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Health Sciences Review Articles

Identifies the difference between a systematic review and a literature review. Connects to tools for research, writing, and publishing.

Why structure a review?

A literature review section in a paper has to do a lot of work. It has to take the reader on a journey. They start not knowing anything about your topic. They end understanding the topic, the importance and relevance of this topic to the world overall and to them personally, and ready to read your brilliant research paper. It can be useful to think about how to structure your review so your reader can have a logical journey. The frames below are commonly used in scientific literature reviews and one may work for you. There are also other frameworks for structuring reviews; if these do not feel authentic to you, examine published research papers or consult guidebooks on creating reviews to see more example frameworks.

Three review structures and sample published reviews

Argumentative Frame. In this frame, you develop an argument and then suggest a solution-- your project.

Descriptive frame. In this frame, you describe the problem and sub-topics that are related to the main problem, and how they have been investigated previously. You may highlight areas that have not been well-described/well-researched. Your research continues the investigations, and helps to fill in gaps.

Historical Frame. In this frame you provide a history of a concept or idea, then show how your project fits into the gradually more sophisticated investigations of this problem.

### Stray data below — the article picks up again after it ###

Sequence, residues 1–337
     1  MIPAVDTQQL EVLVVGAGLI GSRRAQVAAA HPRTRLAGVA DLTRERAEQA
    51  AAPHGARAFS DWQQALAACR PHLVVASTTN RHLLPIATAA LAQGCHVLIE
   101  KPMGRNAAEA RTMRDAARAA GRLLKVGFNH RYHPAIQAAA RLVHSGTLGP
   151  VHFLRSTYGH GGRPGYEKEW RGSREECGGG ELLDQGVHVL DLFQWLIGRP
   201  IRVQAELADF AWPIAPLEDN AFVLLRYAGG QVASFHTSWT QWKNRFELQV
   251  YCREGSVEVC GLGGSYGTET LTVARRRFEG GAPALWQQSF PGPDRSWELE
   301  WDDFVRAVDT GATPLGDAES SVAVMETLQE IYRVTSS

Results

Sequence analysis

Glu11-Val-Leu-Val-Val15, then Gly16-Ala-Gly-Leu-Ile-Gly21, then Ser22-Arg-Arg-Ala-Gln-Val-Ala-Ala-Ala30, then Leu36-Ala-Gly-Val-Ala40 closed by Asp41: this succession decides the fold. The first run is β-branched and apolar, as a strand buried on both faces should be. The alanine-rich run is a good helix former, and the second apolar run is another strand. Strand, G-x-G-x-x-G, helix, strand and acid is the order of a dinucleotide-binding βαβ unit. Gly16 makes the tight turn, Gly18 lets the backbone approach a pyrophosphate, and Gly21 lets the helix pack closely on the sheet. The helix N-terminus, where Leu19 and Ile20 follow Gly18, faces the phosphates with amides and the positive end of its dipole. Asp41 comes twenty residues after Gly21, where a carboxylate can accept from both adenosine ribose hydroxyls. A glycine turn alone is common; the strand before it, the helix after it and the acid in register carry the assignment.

Use the evidence table and chosen structure

Once you've filled out your evidence table and selected a frame, you can start writing. As you write, refer back to your evidence table. For example, if I chose the historical frame, I might start by looking at the oldest paper on my table and working my way forward in time. Or, if I were using the argumentative frame, I could use my table to identify the various methodologies that have been used to investigate my topic, to create an argument that this has not been studied enough using a specific method. If I was using the descriptive frame, I could use my evidence table to determine the most commonly-used mobile apps and the factors that people examine when considering using a mobile app, to lay a descriptive framework to introduce why my app will be used more frequently.

While writing, you may identify further gaps in knowledge or questions. It is always acceptable to search databases again to look for more specific information after you have started writing.